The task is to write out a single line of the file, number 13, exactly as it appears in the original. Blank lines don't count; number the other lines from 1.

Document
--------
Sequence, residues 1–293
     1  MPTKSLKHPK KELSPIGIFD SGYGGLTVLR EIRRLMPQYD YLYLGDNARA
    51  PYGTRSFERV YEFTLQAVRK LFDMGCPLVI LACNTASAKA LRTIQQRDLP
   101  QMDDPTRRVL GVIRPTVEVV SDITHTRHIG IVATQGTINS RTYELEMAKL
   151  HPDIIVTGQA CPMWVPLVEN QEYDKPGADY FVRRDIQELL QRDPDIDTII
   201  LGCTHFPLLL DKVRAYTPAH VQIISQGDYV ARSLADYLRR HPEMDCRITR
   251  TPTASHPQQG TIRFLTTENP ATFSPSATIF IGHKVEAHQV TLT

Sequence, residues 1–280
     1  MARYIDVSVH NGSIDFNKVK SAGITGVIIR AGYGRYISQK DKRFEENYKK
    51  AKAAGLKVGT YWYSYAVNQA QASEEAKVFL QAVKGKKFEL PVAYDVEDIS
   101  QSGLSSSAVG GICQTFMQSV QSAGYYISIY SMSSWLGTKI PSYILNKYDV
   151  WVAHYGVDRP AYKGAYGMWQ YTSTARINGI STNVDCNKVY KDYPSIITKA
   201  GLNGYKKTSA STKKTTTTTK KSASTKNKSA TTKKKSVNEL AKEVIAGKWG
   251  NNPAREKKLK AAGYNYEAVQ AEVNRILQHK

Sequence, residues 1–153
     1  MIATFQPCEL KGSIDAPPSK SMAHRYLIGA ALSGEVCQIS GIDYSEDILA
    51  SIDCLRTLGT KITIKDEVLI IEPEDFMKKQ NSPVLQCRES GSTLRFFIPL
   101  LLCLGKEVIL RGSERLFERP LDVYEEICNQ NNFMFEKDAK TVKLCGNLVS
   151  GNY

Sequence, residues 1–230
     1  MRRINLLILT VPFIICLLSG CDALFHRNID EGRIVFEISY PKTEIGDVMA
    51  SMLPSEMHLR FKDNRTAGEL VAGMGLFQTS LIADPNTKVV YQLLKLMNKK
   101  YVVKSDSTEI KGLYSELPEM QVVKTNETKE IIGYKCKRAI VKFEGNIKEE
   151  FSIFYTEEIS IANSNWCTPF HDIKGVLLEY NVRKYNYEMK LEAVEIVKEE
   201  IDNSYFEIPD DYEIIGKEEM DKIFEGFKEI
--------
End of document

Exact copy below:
   201  GLNGYKKTSA STKKTTTTTK KSASTKNKSA TTKKKSVNEL AKEVIAGKWG